"Most lovely of the things I have loved and lost; the sunlight,
"next, bright stars, the moon,
ripe gourds, the fruit of apple trees, the pears."
- Praxilla, circa 441 BCE
Anyone who has studied ancient Greece has probably heard of Sappho of Lesbos. Born around 630 BCEm Sappho lived for about six decades and her lyric poetry earned her the sobriquet "the Tenth Muse." Higher praise cannot be imagined.
Praxilla was a native of Sikyon, a city-state on the Gulf of Corinth. It took Judy Chicago's Dinner Part to pay proper tribute to Praxilla of Sikyon, one of thirty-nine women honored with hew own specially designed place setting at a non-hierarchical triangular table. You can see in this photo some of the 999 women whose names are inscribed in gold on a white tile floor. More than four hundred women participated in making The Dinner Party.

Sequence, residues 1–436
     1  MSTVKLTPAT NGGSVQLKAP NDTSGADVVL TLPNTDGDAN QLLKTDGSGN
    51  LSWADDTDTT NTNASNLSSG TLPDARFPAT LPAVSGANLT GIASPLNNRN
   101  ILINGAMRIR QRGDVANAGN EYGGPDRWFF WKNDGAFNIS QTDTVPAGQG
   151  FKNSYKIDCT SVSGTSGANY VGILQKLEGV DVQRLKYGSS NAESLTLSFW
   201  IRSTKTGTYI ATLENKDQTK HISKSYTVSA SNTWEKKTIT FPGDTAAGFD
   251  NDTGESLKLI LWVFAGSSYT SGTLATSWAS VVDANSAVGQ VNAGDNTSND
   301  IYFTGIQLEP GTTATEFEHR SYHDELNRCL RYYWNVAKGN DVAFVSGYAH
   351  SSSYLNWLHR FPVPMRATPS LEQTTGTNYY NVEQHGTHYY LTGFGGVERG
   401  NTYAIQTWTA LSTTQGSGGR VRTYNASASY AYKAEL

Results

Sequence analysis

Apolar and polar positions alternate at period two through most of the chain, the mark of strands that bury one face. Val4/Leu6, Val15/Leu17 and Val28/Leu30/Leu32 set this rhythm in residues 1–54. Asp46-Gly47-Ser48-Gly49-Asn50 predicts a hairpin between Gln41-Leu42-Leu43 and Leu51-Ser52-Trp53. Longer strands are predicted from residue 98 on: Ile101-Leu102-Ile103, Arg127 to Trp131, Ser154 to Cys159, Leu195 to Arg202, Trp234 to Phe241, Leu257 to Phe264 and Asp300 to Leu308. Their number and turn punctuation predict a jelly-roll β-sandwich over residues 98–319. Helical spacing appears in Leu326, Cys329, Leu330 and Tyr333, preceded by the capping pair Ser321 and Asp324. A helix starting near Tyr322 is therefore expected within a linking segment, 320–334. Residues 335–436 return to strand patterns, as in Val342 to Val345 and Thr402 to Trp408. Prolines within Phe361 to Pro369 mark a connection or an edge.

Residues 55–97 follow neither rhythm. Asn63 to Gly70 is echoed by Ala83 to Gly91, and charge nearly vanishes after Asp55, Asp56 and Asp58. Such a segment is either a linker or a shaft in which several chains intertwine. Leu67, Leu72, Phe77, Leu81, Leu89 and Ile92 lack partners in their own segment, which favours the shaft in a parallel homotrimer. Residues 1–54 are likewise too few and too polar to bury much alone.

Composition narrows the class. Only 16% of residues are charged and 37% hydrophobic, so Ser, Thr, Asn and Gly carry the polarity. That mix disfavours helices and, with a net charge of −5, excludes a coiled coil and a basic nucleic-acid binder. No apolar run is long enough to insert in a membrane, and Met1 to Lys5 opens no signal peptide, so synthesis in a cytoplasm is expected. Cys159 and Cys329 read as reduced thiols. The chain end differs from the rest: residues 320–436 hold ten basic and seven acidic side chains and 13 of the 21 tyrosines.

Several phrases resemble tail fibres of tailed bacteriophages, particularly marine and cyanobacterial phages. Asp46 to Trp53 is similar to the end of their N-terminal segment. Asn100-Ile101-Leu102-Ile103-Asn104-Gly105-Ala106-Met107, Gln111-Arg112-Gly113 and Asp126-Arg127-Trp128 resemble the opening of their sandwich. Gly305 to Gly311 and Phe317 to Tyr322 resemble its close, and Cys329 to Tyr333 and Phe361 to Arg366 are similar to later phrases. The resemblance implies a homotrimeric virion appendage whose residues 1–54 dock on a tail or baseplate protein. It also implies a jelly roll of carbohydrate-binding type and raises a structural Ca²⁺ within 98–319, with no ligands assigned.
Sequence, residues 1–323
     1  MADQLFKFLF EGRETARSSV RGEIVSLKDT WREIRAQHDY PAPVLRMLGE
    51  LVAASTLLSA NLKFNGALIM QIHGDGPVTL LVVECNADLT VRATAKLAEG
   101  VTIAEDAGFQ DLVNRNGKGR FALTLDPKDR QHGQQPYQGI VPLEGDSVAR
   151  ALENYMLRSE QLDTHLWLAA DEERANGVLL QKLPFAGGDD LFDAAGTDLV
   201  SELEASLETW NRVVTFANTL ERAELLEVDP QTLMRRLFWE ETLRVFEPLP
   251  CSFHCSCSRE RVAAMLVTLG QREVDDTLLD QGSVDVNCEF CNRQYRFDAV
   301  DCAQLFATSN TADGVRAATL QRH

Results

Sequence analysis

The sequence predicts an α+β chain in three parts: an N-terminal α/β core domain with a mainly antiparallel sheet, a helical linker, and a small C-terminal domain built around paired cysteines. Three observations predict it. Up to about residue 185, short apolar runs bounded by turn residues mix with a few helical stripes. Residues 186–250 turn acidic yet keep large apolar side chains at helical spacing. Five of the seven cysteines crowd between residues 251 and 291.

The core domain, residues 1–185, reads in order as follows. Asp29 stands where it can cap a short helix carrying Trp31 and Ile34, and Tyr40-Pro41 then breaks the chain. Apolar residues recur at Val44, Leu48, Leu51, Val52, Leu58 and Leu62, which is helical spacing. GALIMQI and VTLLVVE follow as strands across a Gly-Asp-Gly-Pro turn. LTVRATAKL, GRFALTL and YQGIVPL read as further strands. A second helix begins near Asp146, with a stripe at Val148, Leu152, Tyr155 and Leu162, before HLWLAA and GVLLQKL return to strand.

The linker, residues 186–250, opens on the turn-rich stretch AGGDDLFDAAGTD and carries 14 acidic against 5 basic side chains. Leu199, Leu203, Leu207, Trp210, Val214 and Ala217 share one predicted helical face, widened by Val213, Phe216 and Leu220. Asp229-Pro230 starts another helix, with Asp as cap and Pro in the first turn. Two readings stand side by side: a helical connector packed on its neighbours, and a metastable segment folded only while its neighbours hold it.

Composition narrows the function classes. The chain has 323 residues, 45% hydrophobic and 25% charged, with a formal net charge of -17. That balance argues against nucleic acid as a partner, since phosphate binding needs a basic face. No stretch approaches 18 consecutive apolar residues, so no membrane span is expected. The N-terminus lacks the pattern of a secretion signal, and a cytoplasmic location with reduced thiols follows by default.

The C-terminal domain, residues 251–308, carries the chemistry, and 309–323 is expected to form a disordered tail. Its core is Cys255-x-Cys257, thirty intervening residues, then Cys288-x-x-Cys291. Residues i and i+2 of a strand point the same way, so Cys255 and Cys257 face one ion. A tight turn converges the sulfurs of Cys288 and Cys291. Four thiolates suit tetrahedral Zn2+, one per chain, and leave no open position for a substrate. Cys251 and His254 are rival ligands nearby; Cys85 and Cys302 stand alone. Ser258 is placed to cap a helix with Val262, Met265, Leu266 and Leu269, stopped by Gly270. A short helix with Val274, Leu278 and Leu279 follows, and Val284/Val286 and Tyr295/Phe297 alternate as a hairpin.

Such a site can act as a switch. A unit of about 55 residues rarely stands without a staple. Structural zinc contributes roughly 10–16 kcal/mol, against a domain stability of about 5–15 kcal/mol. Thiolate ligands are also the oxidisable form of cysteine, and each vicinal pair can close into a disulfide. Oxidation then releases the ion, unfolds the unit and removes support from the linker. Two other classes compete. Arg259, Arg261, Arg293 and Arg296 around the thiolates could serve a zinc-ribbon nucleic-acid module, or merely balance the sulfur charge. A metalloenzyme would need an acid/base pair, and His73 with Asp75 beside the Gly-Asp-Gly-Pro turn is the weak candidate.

Lesser known than Sappho, in her day Praxilla was called "immortal tongued'", in a time and place where women participated in public and religious events. Today her lyric poems survive only in fragments and paraphrases; primarily "table songs" they were meant to be sung after dinner as guests imbibed wine from drinking gourds.
Image: Judy Chicago - Praxilla, (from The Dinner Party), ceramic, textile, porcelain with rainbow and gold luster, 1974-1979, Brooklyn Museum, photo courtesy of the museum.